General Question

nicky's avatar

Can anyone advise me on these math courses?

Asked by nicky (207points) January 29th, 2011

This is a very general question as the semester just started. I am taking linear algebra and calc-based probability and statistics. Simply put, of those who have taken either of the courses, can you provide me with any words of wisdom to help me not fail?

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7 Answers

bobbinhood's avatar

1. Study the material before your professor lectures on it. While you won’t understand everything you’re reading, you will ultimately understand much more if you read before the lecture.

2. Do your homework well in advance. This gives you the time needed to process difficult questions and then to visit your professor if you are still unable to understand them.

3. Do all of your homework. In math, homework is the best way to study. If you notice that you still don’t really get it after completing the assigned homework, do some more. Keep working problems until you truly know the concepts.

4. Review your homework, tests, and quizzes. If you get questions wrong, make sure you understand both why they are wrong, and what you should have done.

5. Visit your professor with good questions. That means you don’t just walk in and say, “I don’t understand this,” while pointing at a problem or an entire section of your book. Figure out exactly what it is that you do not understand and ask specific questions.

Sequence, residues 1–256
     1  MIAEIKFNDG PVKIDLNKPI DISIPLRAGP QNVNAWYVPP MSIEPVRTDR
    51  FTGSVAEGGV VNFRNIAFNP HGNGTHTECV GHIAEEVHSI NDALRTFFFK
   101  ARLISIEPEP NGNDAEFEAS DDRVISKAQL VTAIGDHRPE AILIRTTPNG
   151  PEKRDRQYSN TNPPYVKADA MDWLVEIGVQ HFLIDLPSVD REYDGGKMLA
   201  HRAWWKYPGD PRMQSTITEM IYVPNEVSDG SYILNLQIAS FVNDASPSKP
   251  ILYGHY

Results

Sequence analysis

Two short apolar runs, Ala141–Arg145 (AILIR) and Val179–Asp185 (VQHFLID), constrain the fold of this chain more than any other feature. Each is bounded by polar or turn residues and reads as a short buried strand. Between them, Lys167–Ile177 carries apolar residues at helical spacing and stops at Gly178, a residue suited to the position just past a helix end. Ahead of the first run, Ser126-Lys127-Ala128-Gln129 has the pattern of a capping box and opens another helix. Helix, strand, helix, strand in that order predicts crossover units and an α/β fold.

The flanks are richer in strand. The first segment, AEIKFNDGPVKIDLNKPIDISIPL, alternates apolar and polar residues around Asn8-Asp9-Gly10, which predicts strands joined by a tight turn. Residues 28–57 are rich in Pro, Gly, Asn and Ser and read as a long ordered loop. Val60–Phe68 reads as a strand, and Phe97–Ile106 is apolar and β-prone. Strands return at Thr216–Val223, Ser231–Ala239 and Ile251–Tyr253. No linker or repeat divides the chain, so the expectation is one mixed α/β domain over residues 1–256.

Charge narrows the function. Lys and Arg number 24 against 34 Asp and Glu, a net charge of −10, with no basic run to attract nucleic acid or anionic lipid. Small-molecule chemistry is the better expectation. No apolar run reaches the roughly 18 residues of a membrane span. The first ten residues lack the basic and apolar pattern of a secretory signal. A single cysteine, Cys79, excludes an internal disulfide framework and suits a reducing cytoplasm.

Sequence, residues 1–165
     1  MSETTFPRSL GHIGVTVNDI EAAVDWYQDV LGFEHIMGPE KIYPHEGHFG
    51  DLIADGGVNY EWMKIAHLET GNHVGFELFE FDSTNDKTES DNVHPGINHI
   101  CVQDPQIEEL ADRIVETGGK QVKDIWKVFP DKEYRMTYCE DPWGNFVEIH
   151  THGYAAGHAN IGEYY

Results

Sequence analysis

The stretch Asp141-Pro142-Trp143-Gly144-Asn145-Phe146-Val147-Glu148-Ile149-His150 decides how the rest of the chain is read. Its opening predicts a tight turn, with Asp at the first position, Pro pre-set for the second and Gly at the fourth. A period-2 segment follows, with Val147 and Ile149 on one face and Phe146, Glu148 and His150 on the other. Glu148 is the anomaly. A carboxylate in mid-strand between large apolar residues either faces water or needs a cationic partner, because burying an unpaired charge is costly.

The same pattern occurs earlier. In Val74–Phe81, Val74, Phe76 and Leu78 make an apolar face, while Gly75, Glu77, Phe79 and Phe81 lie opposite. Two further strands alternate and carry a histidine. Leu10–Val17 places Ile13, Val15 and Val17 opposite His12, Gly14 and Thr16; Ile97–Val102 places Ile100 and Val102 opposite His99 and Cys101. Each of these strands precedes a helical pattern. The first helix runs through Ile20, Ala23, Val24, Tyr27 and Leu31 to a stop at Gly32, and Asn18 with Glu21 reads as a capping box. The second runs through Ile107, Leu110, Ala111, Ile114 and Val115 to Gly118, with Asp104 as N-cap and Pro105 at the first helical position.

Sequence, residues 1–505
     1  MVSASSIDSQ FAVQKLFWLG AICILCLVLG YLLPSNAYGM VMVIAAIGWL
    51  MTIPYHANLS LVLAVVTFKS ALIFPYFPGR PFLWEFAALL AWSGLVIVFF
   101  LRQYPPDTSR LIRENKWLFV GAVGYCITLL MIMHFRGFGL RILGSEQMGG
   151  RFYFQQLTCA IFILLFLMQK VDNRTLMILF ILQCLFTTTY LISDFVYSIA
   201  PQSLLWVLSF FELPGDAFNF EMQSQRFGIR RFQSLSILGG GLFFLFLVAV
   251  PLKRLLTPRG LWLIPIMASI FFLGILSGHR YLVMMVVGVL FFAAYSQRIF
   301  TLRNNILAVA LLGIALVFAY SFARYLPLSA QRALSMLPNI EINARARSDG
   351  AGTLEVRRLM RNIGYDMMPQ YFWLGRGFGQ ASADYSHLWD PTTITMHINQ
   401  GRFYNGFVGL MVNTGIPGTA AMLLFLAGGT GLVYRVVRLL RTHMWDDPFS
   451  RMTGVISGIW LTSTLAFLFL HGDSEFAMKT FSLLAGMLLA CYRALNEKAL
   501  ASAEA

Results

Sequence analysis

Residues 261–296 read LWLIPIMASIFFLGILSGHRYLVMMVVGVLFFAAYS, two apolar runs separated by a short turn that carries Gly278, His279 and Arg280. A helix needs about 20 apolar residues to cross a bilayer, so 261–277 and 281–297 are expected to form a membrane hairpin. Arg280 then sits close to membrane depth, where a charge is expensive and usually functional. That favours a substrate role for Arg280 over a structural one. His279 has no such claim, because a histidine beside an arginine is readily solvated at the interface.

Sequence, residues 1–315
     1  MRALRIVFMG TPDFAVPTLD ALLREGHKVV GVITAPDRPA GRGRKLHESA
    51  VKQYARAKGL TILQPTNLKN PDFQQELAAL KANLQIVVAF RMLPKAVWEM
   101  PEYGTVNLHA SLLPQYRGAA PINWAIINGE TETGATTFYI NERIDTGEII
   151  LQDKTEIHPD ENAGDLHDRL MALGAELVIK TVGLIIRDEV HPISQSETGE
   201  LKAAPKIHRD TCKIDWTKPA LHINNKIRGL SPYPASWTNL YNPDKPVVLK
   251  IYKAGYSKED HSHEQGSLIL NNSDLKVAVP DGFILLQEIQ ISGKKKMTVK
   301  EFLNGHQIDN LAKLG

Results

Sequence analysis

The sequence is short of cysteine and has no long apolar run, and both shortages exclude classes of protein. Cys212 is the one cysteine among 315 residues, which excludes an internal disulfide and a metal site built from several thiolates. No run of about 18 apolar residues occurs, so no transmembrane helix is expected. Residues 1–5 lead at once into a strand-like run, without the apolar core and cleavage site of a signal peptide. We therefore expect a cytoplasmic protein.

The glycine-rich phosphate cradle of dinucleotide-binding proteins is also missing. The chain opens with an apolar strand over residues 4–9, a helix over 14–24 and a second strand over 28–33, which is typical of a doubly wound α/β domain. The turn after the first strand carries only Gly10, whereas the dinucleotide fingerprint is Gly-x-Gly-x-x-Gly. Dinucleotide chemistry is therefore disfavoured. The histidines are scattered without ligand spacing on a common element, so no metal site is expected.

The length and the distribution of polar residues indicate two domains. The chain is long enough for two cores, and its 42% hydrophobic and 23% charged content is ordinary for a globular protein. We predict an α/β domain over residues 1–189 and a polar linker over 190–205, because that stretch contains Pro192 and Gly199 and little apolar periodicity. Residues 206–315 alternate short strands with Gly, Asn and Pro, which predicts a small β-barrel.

6. Pay attention to notation. If you’re not sure about notation, pay attention to how your professor writes things in class. You can’t go wrong if you follow that notation.

7. Be careful to justify the steps in your proofs. A proof is an argument, not just a calculation. Make sure you write out the details.

8. Be familiar with the theorems. Know them well, and know how to apply them.

9. Study groups are only helpful if you are with a group of students that are dedicated to learning. If they are just trying to finish the problems and get out, they will likely miss important details and hurt your understanding.

10. Above all else, know your definitions like you know your own name. Math is meaningless without a proper understanding of the definitions. Make sure you learn them as they are taught so you do not have to look them up. You will be much more prepared for the test if you learn them as you go.

nicky's avatar

Thanks for the thorough response!

bobbinhood's avatar

You’re quite welcome. These are the steps to make it through any upper level math course. Everything worth doing is worth working hard at. Good luck this semester! This question shows that you’re off to a good start.

BarnacleBill's avatar

Sometimes having access to tutor to go over concepts as you move through the course can help ward off having problems. It’s good to have one-on-one access to someone that confirm you understand the concepts fully and answer your questions.

Vortico's avatar

@bobbinhood I have saved your list for future reference. Nice!

bobbinhood's avatar

@Vortico Thank you for the feedback. I really appreciate it.

JLeslie's avatar

When I took calculus there was study hours at my college to get free help from volunteers, it helped me enourmously.

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